The Supreme Court did not say anything further on debt collection. Interestingly, the Tax Journal article of 13 October by Hui Ling McCarthy KC and Michael Ripley (who both acted for HMRC in Target Group) seeks to distinguish the FTT’s conclusion on debt collection as particular to the facts of this case, rather than founded on a broad reading of the debt collection exception. Their view is that it is the totality of the activities which comprise the package of the services which is key. We will now have to await another case to explore the scope of the debt collection carve-out from the exemption in the context of money movements in the financial system.

Scope of exemption post-Target Group

In light of the narrow view of the exemption taken by the Supreme Court, it is difficult to see how a loan service provider supplying outsourced functions to a bank, after the bank had originated the loan, could show these supplies should be exempt. The article by Hui Ling McCarthy KC and Michael Ripley suggests that ‘traders willing to take the risk of, and responsibility for, bringing about a legal and financial change may well be able to bring themselves within the exemption’ but it is difficult to see how a non-financial institution would do this in practice.

Bespoke approach to interpretation of VAT and excise law

The Retained EU Law (Revocation and Reform) Act 2023 (REUL Act) ends the supremacy and special status afforded to retained European Union law in the UK. On 20 October, draft legislation for inclusion in the next Finance Bill was published for consultation which modifies how the European Union (Withdrawal) Act 2018 (EUWA), as modified by the REUL Act, applies in respect of ‘enactments relating to value added tax or any duty of excise’ (VAT and excise law) in order to broadly preserve the status quo in relation to the interpretation of VAT and excise law. Supremacy of EU law will continue to apply for the purposes of interpreting VAT and excise law (so the principle of consistent interpretation remains applicable), but VAT and excise law can no longer be quashed or disapplied for being incompatible with EU law.

According to the explanatory note: ‘This legislation ensures the stability of the VAT and excise regimes and provides legal certainty for business following the changes in the REUL Act taking effect. It mitigates the risk of re-litigating settled interpretation of UK law, protecting billions of pounds of Exchequer revenue — VAT and excise duty (on alcohol, tobacco and hydrocarbon oil) raise over £200 billion of revenue per year.’

The commencement date is to be confirmed as it will have effect from the commencement of the amendments to be made by the REULA to the EUWA (expected to be at the end of 2023). This timing raises the same issue as the changes to be made by the Finance Bill in relation to the 1.5% stamp duty/SDRT exemption as noted in the October edition of Tax and the City.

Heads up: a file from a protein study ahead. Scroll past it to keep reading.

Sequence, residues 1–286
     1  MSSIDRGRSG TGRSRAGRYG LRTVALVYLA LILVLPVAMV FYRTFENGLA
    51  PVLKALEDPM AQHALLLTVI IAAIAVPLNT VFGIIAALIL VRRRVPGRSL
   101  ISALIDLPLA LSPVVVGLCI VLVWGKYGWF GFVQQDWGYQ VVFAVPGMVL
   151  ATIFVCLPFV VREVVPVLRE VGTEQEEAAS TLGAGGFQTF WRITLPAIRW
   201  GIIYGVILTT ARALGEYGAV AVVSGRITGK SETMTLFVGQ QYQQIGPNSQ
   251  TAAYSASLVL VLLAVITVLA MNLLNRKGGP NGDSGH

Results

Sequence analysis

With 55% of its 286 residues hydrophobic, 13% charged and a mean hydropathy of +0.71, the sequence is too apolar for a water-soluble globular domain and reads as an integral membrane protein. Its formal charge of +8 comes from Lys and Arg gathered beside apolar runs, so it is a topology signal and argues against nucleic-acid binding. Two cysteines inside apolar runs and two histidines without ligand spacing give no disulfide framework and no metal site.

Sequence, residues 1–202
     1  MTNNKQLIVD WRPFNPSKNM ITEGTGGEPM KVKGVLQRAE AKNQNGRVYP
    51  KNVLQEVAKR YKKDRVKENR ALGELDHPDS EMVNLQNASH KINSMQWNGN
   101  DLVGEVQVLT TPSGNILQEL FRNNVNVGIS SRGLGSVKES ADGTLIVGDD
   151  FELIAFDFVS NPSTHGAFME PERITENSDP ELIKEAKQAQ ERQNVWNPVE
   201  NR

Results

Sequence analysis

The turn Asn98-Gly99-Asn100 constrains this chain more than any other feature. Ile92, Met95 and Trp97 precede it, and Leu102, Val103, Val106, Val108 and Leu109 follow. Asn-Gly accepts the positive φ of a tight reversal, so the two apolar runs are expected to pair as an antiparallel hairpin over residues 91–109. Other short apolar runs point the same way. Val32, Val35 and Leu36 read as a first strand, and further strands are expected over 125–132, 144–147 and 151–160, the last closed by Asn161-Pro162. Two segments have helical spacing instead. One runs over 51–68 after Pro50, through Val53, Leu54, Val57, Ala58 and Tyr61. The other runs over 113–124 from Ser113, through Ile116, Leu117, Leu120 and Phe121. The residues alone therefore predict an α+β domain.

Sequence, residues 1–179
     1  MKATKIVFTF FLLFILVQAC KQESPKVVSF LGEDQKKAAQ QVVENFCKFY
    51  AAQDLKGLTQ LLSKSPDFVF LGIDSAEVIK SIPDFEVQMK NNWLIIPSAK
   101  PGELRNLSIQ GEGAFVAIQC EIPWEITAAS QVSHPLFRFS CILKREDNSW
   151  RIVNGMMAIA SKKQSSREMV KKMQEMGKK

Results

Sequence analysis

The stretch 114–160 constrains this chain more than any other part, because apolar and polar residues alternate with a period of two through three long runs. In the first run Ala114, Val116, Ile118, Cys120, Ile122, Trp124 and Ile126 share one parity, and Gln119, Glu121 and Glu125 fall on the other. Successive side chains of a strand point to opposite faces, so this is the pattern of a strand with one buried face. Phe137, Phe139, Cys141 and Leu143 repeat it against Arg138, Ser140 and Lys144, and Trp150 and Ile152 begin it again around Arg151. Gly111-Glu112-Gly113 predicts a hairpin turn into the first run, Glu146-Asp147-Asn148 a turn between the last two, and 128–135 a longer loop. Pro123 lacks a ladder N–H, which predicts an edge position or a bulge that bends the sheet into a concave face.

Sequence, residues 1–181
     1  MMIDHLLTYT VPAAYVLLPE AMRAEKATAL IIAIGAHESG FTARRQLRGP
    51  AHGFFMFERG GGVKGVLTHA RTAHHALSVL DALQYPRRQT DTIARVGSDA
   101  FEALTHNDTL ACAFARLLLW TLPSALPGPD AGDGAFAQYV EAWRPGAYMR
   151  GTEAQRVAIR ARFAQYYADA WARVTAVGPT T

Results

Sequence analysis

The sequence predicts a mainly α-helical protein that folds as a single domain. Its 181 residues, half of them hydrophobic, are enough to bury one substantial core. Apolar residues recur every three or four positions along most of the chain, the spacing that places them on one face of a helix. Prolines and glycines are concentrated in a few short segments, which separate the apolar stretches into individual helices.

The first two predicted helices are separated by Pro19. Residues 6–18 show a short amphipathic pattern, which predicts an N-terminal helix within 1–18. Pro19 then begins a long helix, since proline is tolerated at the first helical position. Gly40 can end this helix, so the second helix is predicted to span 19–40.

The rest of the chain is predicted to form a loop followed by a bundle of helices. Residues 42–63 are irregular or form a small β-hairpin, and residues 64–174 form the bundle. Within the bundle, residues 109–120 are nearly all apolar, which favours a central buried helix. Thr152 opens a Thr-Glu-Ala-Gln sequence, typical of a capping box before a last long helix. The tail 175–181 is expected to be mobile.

Vermilion: ITEPA 2003 section 471(3) is a bright line rule

The Supreme Court in HMRC v Vermilion Holdings Ltd [2023] UKSC 37, considered the question whether an option was an employment-related securities option and concluded that it was because the deeming provision in ITEPA 2003, section 471(3) applied. 

This is a case that divided opinion in the lower courts on the proper interpretation of section 471, so the Supreme Court’s decision brings welcome clarity. The FTT said the option was not an employment-related securities option, the Upper Tribunal overturned that decision only for the Court of Session to reinstate the FTT’s decision, although there was a dissenting judgment by Lord Carloway. It was unsurprising, then, that HMRC appealed the case to the Supreme Court and won. 

Mr Noble owned and was a director of Quest, a consultancy company. In 2006, Quest provided corporate advisory services to Vermilion in return for the grant of a share option because the cost of the services exceeded Vermilion’s budget. When Vermilion subsequently came into financial difficulty, it was crucial to the success of a rescue funding exercise that Mr Noble became a director of Vermilion and that the 2006 option in favour of Quest was replaced with a new option (the 2007 option) on amended terms and in favour of Quest as Mr Noble’s nominee. In 2016 this option was novated replacing Quest with Mr Noble as the holder and the option was exercised. HMRC assessed Vermilion to PAYE tax and national insurance on the exercise of the option of around £386k. Vermilion has an indemnity from Mr Noble for any tax consequences arising from the exercise of the option so although Vermilion is the one challenging the tax assessment, it is Mr Noble who bears the economic consequences.

A key issue in this case is the interaction between subsections (1) and (3) of section 471 Section 471 defines when ITEPA 2023 chapter 5 of Part 7 relating to securities options applies. Subsection (1) states that it applies ‘where a right or opportunity to acquire the securities option is available by reason of an employment’. Subsection (3) provides that, where such a right or opportunity is made available by a person’s employer, it ‘is to be regarded for the purposes of subsection (1) as available by reason of an employment’.